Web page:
Which way does the wind blow? The judges of the 2010 Gratiaen Prize will tell you that the zeitgeist – the spirit of our time – is reflected in the literature written in any given year.
“As one would expect in 2009, Sri Lankan writers have responded to the government’s solution to the ethnic conflict,” said Asoka de Zoysa Kelaniya University don, who was on the panel of judges alongside theatre personality Rohan Ponniah and writer Vijitha Fernando.
|The Gratiaen judges: Rohan Ponniah, Vijitha Fernando and Asoka de Zoysa.
The three were responsible for selecting five entries out of over 50 submissions. When the winner is announced on May 8, he or she will walk away with a cash prize worth Rs. 200,000 – and the distinction of having won Sri Lanka’s premier literary award.
Instituted in 1992 by Michael Ondaatje with his Booker Prize winnings for The English Patient and named in honour of his mother Doris Gratiaen, the prize is currently administered by the Gratiaen Trust.
It is awarded to a resident Sri Lankan each year, and the three judges select a winner from a range of entries which include fiction, poetry, dramas and literary memoirs, all of which must either have been published during the last year or presented in manuscript form. As is traditional, the announcement of the shortlist was hosted by the British Council, with many nervous writers in attendance.
The first name to be announced (in alphabetical order) this year was that of author Santhan Aiyadurai. His novel ‘The Whirlwind’ follows a group of villagers hemmed in by two opposing factions – the Indian Peace Keeping Force (IPKF) and the LTTE. Mr. Aiyadurai, currently a lecturer in Engineering at a private institute, hails from Jaffna. A bilingual writer, he began writing in Tamil in the late sixties.
His collection of stories ‘The Stark’ (1990) marked his debut in English writing. His next book, ‘In Their Own World’, won him a State Literary Award. ‘The Whirlwind’ itself was launched in Chennai last week by an Indian publishing house.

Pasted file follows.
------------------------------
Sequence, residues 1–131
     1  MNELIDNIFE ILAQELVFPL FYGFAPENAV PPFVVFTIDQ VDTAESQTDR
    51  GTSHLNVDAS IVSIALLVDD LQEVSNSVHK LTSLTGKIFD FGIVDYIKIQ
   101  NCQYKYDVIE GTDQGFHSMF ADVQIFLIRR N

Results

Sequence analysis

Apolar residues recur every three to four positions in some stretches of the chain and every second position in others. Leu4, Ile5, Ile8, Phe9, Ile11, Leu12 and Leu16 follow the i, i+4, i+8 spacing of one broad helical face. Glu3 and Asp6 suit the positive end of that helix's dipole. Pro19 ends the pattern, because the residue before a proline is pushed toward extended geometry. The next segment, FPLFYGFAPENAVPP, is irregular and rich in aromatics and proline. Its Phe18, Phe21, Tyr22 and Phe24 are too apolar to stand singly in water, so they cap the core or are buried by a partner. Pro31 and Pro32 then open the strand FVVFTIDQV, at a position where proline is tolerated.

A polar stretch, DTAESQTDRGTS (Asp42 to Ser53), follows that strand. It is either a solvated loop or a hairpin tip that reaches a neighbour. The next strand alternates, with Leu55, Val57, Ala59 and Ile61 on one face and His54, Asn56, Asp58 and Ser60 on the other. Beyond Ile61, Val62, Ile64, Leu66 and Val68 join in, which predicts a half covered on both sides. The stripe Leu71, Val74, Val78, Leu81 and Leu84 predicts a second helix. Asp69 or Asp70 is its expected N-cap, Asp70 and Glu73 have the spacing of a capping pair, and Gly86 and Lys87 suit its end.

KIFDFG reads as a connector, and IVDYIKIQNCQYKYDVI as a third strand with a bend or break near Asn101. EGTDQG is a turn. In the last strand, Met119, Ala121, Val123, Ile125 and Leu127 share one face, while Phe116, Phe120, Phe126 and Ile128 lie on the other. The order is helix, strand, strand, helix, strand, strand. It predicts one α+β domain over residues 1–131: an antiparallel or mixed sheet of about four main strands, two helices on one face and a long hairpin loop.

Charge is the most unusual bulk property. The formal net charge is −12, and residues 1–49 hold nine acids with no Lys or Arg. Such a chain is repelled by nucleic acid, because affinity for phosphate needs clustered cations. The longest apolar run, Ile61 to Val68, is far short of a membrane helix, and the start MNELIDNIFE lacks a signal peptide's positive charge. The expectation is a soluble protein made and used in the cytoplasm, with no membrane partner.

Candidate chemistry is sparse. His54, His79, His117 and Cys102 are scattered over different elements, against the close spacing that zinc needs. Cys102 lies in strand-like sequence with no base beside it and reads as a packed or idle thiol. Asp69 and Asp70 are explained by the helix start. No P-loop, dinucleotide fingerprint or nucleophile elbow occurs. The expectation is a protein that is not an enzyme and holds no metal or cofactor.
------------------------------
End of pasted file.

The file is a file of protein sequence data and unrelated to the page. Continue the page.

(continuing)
Praising the novel, Rohan Ponniah declared, “it is related with compassion and understanding, revealing at the same time a vivid picture of the uncertainty of the lives of the people living in the north.”
Premini Amerasinghe’s ‘Tangled Threads’ was the second novel to make the shortlist this year. Describing the novel as “meticulously researched and elegantly presented,” the judges praised it for how the author “cleverly juxtaposes the past and present to reveal the intricacies of family life and tangled relationships...” In ‘Tangled Threads’ we are introduced to Pushpa as she stands beside her grandfather’s grave.
It is the beginning of two concurrent stories, says Ms. Amerasinghe, explaining that the novel follows its heroine as she discovers her grandfather’s diaries and his revelations about the Spanish War.
Retired from her profession as a Consultant Radiologist, Ms. Amerasinghe lives in Kandy. A member of the Wadiya Group, her collection of poems ‘Kaleidoscope’ was shortlisted for the Gratiaen in 1998. She is also the author of ‘The Search’ (longlisted for the Dublin IMPAC prize) and ‘Sophie’s Story’.
T. Arasanayagam was shortlisted for his collection of 10 short stories titled ‘Singing of the Angels’. The stories reflected the “traditional and religious aspects of life in the north,” said the judges, going on to commend the author for his “vivid and dramatic descriptions” and for his “sensitive insight into a community living through a prolonged conflict and upheaval.” Mr. Arasanayagam is a published novelist and playwright besides.
A Founder Member of the Young Artists Group, he has exhibited at the Commonwealth Institute, London, the Paris Biennale and Sao Paolo. Explaining that his stories have been germinating over a long period, Mr. Arasanayagam says he resurrected them and worked on them till he felt the “jewel” had been finally crafted.
A one-time lecturer at the University of Peradeniya, Mr. Arasanayagam continues to work with young students of English Literature. He lives with his wife, the writer Jean Arasanayagam in Kandy.
Asgar Hussein made the shortlist with his collection of 13 satirical short stories. “My stories deal with a wide array of subjects but focus largely on human follies and vices through humour and irony,” the author of ‘Mirror of Paradise’ told the Sunday Times.
The judges dubbed the collection “sparkling” saying that it included “stories that pull at your heart strings or make you explode with laughter.” Having served for nearly a decade as a journalist at The Sunday Leader, Mr. Hussein currently works in advertising. His novel ‘Termite Castle’ (2006) won him the State Literary Award.
He hopes to publish ‘Mirror of Paradise’ in two months, but in the meantime he says he has enough ideas in his notebooks to create several more collections of short stories.
Prashani Rambukwella’s ‘Mythil’s Secret’ had the dual distinction of being both the only children’s novel as well as the only one that belonged to the fantasy genre on the list. (She could not be reached for comment.)
The wife of a diplomat, the author graduated with a BA in English Literature from the University of Peradeniya. She has experience both as a playwright and director. Her first book, ‘Mythil’s Secret’, was published by Perera Hussein Publishing.